A trailblazing public servant who has spent decades in government and philanthropy. A banker who has given immigrants a foot in the door toward citizenship. A nonprofit leader who works to better the lot of Native Americans. And a thousands-strong community group that came together to save a beloved public radio station.
What do they all have in common? When faced with the choice between dialogue and rhetoric, between engagement and flight, they chose to stay and to talk—to struggle through difficult conversations in order to make things better for all. That’s why they’ve been selected as the winners of Crosscut’s 2016 Courage Awards.
Seattle magazine is proud to partner with online news journal Crosscut (crosscut.com) in recognizing these local leaders whose personal and professional dedication is making our region more vital, equitable and inclusive.
Courage in Culture Honoree
Friends of 88.5
Last November, Pacific Lutheran University announced it was selling local National Public Radio (NPR) affiliate KPLU-FM to the University of Washington (UW). KPLU’s newsroom would be disbanded and its jazz programming absorbed into KUOW-FM. For the leaders of the 50-year-old KPLU, it would have been easy to just fold up the microphones and send the staff to look for work elsewhere: The $7 million deal was all but done, pending approval by the Federal Communications Commission (FCC).
But that didn’t happen. Instead, bowing under immense community pressure, the UW granted the station’s members a moonshot chance of matching the university’s offer and buying the station themselves. They had six months to do it.
Working under the banner of Friends of 88.5, a nonprofit created in a matter of weeks out of the vestiges of KPLU’s community advisory board, supporters and station leaders—including Joey Cohn and Stephen Tan—organized rallies across the region, including a KPLU day in Tacoma. They took to the airwaves, conscripting Audie Cornish, Quincy Jones and others to make their pitch. And they organized groups of longtime donors to provide matches of as much as $500,000.
Today, KPLU is KNKX, an independent nonprofit. The station is not totally out of the woods yet: It now needs to rebuild its reserves and find enough money just to operate. But amid a sea of dismal news about the decline of journalism, the Friends of 88.5 are a life raft.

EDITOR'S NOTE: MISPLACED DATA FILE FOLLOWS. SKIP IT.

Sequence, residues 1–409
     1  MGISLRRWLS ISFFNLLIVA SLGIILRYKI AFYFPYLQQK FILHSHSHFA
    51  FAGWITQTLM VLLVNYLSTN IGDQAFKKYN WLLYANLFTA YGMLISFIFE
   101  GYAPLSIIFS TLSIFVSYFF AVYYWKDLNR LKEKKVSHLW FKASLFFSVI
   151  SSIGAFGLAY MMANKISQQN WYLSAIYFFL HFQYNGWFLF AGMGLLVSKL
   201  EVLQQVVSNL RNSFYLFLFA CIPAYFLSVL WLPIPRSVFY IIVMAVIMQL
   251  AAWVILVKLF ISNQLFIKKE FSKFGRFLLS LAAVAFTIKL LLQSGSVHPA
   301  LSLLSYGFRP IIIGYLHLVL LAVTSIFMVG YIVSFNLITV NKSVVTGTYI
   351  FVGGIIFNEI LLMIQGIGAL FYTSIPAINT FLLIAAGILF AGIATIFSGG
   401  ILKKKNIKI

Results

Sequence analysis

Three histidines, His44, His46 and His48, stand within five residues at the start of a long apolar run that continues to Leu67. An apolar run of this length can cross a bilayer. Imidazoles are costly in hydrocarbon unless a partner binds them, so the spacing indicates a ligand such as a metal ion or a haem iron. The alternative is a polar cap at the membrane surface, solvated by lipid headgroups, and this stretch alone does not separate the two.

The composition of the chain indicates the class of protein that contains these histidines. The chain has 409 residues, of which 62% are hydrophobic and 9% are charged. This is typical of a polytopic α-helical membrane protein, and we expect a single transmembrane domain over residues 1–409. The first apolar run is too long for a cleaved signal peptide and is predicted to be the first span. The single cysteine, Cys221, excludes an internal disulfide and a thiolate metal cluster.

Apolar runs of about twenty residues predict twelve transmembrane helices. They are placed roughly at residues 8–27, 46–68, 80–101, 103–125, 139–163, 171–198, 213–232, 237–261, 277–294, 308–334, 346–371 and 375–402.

Courage in Public Service Honoree
Soon after accepting the post of executive director of the Chief Seattle Club two and a half years ago, Colleen Echohawk realized that the organization had to do much more to address the multiple traumas faced by American Indian and Alaska Native people in Seattle.
These populations suffer from a whole range of ills, from poverty to addiction to homelessness. Last year, 16 native people died while living on the streets or facing housing instability. Echohawk needed resources, but she had no experience with fundraising and found the idea of approaching groups like United Way frightening.
Today, United Way is the club’s biggest funder, and the Chief Seattle Club, a presence in the city since 1970, has become a larger force in promoting public safety and solving the crisis of homelessness. The club has added weekend hours, and the staff has grown from seven to 15, including a case manager to help with housing for the 100 members it sees daily, most of whom experience chronic homelessness.
“She has got this way of being very positive and constructive,” says Mark Putnam at All Home Seattle, the organization coordinating homeless efforts in King County. He praises Echohawk’s ability to build strong relationships while also pushing issues, including awareness of the extreme racial disparity in homeless rates.
While Echohawk loves the many ways she has seen Seattle respond to her club members’ needs, she thinks it’s particularly hard for them to face isolation and homelessness in a city whose name honors a native leader. “This city,” she says, “is losing out on incredible people.” If Echohawk has her way, that will change.